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It can replace one sensor so if you have a v6/8 with a sensor on either side you could either put the sensor at the y pipe and wire it to both inputs or just measure one side with it and wire it to both sides. If you are talking about the sensor after the catalytic converter then you just ignore it since it only is for smog use and does not change anything about the air fuel ratio, it just makes a check engine light come on if the computer isn't happy with it's readings. The one after the cat is easier to just do away with and build a small O2 sensor simulator circuit if it gives you trouble. I did that on my Camaro and it kept it from complaining about not having working cats.
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Old 04-13-2007, 06:00 PM   #6
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My undertstanding is that all OBD2 cars (after 1996) have 2 O2 sensors. The one before the cat is the one that the ECU uses to adjust the mixture in closed mode. The one after the cat is there to check if the cat is working.
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Old 04-13-2007, 06:31 PM   #7
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yep the back one is not much use for anything and can be done away with when you build a simulator circuit. Putting a wideband sensor after the cat won't give you readings that mean anything
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Old 04-13-2007, 06:38 PM   #8
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Quote:
Originally Posted by mrmad View Post
My understanding is that all OBD2 cars (after 1996) have 2 O2 sensors....
That should read "at least two"
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Old 04-13-2007, 07:28 PM   #9
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Sensor after the cat.

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yep the back one is not much use for anything and can be done away with when you build a simulator circuit. Putting a wideband sensor after the cat won't give you readings that mean anything
Thanks everyone for the clarification on the sensor after the cat. Obviously I had not looked into that system very much . I may need to drop the $200 for one of these wide band sensor kits. I have been thinking about it for a month or so.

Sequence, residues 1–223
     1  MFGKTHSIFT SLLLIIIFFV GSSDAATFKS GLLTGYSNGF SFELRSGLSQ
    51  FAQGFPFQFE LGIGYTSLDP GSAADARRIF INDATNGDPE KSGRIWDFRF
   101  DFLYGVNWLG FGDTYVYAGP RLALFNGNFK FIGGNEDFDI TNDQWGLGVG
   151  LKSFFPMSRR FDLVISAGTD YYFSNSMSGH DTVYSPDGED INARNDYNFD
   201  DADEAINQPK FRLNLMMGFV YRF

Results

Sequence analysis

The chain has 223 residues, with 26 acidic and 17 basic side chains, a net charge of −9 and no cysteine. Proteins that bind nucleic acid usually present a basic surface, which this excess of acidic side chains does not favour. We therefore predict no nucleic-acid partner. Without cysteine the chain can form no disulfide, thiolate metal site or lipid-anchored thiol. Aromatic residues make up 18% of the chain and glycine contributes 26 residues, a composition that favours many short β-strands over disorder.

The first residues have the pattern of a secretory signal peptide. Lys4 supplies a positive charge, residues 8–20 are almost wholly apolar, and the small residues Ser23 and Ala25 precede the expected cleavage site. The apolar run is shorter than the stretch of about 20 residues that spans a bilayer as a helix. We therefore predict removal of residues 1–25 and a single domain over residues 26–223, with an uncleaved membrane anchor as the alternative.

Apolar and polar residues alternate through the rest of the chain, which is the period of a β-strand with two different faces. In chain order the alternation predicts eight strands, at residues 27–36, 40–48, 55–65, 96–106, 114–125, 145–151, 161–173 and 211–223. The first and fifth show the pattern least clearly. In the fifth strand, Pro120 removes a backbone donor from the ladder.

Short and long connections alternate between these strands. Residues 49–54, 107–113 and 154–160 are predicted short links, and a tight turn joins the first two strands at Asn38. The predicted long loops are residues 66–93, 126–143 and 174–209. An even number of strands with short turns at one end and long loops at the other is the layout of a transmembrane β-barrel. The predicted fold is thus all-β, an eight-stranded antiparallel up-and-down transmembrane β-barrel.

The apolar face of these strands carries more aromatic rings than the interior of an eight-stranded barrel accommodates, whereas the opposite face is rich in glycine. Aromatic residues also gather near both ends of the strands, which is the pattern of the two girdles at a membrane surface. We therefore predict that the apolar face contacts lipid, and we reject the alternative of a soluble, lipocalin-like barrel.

Ernie

update:
Just ordered the LC1 kit. Now I can do some damage April, 15, 2007
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Old 04-15-2007, 04:26 PM   #10
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well I drove around some today in the car with the sensor set at 15.5:1 at lambda and since the car never was able to get that lean it turned on the check engine light thinking the O2 sensor was bad. I adjusted the slope of the AFR curve to let the sensor vary it's voltage some and it made the light go off. I had a laptop in the car the whole time and the highest ratio I could actually get was 13.6:1. I think it is pretty much pointless on the car the way it is currently running since the computer can't compensate enough already to even reach 14.5:1 but it is kind of nice knowing exactly what ratio I am running. A stock engine would not have these issues, or a car that the fuel pressure could be adjusted to get the car back into the proper range of operation. Either way it explains why all the head work I did to the car didn't change the mileage much at all, the car just ran rich and didn't adjust itself to the new conditions.

This setup will do for now until I have time to get the megasquirt computer running good enough to swap it out with my factory computer permanently then I can run it at 18 to 20:1 at light throttle cruising and get hopefully real good mileage I will probably also run it super lean anywhere on the fuel map I can get away with it. if I am lucky it will make a big difference, just going to be a few weeks probably till I get time to tune the megasquirt well enough to start using it. I don't think the LC-1 will change my mileage this tank though due to the other problems but on a normal car there is no reason to think it won't give a good boost to the mileage.